Applies to: SQL Server (all supported versions) Azure SQL Database
SQL Server encrypts data with a hierarchical encryption and key management infrastructure. Each layer encrypts the layer below it by using a combination of certificates, asymmetric keys, and symmetric keys. Asymmetric keys and symmetric keys can be stored outside of SQL Server in an Extensible Key Management (EKM) module.
The following illustration shows that each layer of the encryption hierarchy encrypts the layer beneath it, and displays the most common encryption configurations. The access to the start of the hierarchy is usually protected by a password.
Keep in mind the following concepts:
For best performance, encrypt data using symmetric keys instead of certificates or asymmetric keys.
Database master keys are protected by the Service Master Key. The Service Master Key is created by SQL Server setup and is encrypted with the Windows Data Protection API (DPAPI).
Other encryption hierarchies stacking additional layers are possible.
An Extensible Key Management (EKM) module holds symmetric or asymmetric keys outside of SQL Server.
Transparent Data Encryption (TDE) must use a symmetric key called the database encryption key which is protected by either a certificate protected by the database master key of the master database, or by an asymmetric key stored in an EKM.
The Service Master Key and all Database Master Keys are symmetric keys.
The following illustration shows the same information in an alternative manner.
This diagram illustrates the following additional concepts:
In this illustration, arrows indicate common encryption hierarchies.
Symmetric and asymmetric keys in the EKM can protect access to the symmetric and asymmetric keys stored in SQL Server. The dotted line associated with EKM indicates that keys in the EKM could replace the symmetric and asymmetric keys stored in SQL Server.
SQL Server provides the following mechanisms for encryption:
Transparent Data Encryption
A public key certificate, usually just called a certificate, is a digitally-signed statement that binds the value of a public key to the identity of the person, device, or service that holds the corresponding private key. Certificates are issued and signed by a certification authority (CA). The entity that receives a certificate from a CA is the subject of that certificate. Typically, certificates contain the following information.
The public key of the subject.
The identifier information of the subject, such as the name and e-mail address.
The validity period. This is the length of time that the certificate is considered valid.
A certificate is valid only for the period of time specified within it; every certificate contains Valid From and Valid To dates. These dates set the boundaries of the validity period. When the validity period for a certificate has passed, a new certificate must be requested by the subject of the now-expired certificate.
Issuer identifier information.
The digital signature of the issuer.
This signature attests to the validity of the binding between the public key and the identifier information of the subject. (The process of digitally signing information entails transforming the information, as well as some secret information held by the sender, into a tag called a signature.)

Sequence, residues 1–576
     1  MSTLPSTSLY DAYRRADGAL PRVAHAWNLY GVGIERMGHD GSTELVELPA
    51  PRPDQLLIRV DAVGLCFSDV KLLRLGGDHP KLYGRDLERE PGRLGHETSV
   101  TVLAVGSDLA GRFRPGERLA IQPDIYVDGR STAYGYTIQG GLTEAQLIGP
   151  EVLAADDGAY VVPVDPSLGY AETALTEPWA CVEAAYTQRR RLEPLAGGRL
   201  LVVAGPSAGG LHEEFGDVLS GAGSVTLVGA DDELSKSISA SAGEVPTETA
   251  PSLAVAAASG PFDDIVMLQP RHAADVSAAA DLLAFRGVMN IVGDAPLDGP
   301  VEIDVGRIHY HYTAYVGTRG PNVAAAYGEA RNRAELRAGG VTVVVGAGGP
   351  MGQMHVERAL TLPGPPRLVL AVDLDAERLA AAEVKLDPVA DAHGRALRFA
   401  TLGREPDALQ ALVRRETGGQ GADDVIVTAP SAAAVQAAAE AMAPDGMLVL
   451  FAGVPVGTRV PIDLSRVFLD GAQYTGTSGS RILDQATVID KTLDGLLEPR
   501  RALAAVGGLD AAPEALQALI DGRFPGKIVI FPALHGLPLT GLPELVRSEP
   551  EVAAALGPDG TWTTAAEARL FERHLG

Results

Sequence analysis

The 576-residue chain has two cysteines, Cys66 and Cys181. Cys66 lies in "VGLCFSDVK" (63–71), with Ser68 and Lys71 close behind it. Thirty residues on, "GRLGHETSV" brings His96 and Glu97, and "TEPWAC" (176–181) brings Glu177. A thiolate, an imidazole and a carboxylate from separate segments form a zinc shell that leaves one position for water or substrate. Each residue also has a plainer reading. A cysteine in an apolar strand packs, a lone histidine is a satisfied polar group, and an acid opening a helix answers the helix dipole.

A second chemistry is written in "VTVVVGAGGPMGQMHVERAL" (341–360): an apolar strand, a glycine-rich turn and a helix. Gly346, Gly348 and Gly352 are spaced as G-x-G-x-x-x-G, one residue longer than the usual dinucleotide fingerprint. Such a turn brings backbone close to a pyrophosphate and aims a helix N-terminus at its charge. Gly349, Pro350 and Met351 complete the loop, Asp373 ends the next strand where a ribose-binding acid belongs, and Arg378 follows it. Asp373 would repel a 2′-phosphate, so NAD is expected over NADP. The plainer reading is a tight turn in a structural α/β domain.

A primary benefit of certificates is that they relieve hosts of the need to maintain a set of passwords for individual subjects. Instead, the host merely establishes trust in a certificate issuer, which may then sign an unlimited number of certificates.
When a host, such as a secure Web server, designates an issuer as a trusted root authority, the host implicitly trusts the policies that the issuer has used to establish the bindings of certificates it issues. In effect, the host trusts that the issuer has verified the identity of the certificate subject. A host designates an issuer as a trusted root authority by putting the self-signed certificate of the issuer, which contains the public key of the issuer, into the trusted root certification authority certificate store of the host computer. Intermediate or subordinate certification authorities are trusted only if they have a valid certification path from a trusted root certification authority.
The issuer can revoke a certificate before it expires. Revocation cancels the binding of a public key to an identity that is asserted in the certificate. Each issuer maintains a certificate revocation list that can be used by programs when they are checking the validity of any given certificate.
The self-signed certificates created by SQL Server follow the X.509 standard and support the X.509 v1 fields.
An asymmetric key is made up of a private key and the corresponding public key. Each key can decrypt data encrypted by the other. Asymmetric encryption and decryption are relatively resource-intensive, but they provide a higher level of security than symmetric encryption. An asymmetric key can be used to encrypt a symmetric key for storage in a database.
A symmetric key is one key that is used for both encryption and decryption. Encryption and decryption by using a symmetric key is fast, and suitable for routine use with sensitive data in the database.
Transparent Data Encryption
Transparent Data Encryption (TDE) is a special case of encryption using a symmetric key. TDE encrypts an entire database using that symmetric key called the database encryption key. The database encryption key is protected by other keys or certificates which are protected either by the database master key or by an asymmetric key stored in an EKM module. For more information, see Transparent Data Encryption (TDE).